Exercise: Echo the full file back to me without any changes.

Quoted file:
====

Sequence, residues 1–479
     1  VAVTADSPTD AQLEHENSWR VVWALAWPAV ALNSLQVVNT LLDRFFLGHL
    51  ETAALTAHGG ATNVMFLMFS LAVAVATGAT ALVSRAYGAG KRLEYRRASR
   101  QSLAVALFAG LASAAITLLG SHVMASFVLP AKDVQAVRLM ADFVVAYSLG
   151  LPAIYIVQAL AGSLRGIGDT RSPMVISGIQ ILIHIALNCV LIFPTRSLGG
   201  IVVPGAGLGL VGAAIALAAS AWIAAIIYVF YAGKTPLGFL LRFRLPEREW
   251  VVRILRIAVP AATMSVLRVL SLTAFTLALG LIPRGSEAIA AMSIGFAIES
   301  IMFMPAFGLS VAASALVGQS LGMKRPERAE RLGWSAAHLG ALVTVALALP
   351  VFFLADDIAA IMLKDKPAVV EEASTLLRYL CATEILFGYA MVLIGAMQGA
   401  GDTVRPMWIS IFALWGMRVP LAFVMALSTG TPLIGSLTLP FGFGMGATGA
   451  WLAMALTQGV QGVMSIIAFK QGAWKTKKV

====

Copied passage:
Sequence, residues 1–479
     1  VAVTADSPTD AQLEHENSWR VVWALAWPAV ALNSLQVVNT LLDRFFLGHL
    51  ETAALTAHGG ATNVMFLMFS LAVAVATGAT ALVSRAYGAG KRLEYRRASR
   101  QSLAVALFAG LASAAITLLG SHVMASFVLP AKDVQAVRLM ADFVVAYSLG
   151  LPAIYIVQAL AGSLRGIGDT RSPMVISGIQ ILIHIALNCV LIFPTRSLGG
   201  IVVPGAGLGL VGAAIALAAS AWIAAIIYVF YAGKTPLGFL LRFRLPEREW
   251  VVRILRIAVP AATMSVLRVL SLTAFTLALG LIPRGSEAIA AMSIGFAIES
   301  IMFMPAFGLS VAASALVGQS LGMKRPERAE RLGWSAAHLG ALVTVALALP
   351  VFFLADDIAA IMLKDKPAVV EEASTLLRYL CATEILFGYA MVLIGAMQGA
   401  GDTVRPMWIS IFALWGMRVP LAFVMALSTG TPLIGSLTLP FGFGMGATGA
   451  WLAMALTQGV QGVMSIIAFK QGAWKTKKV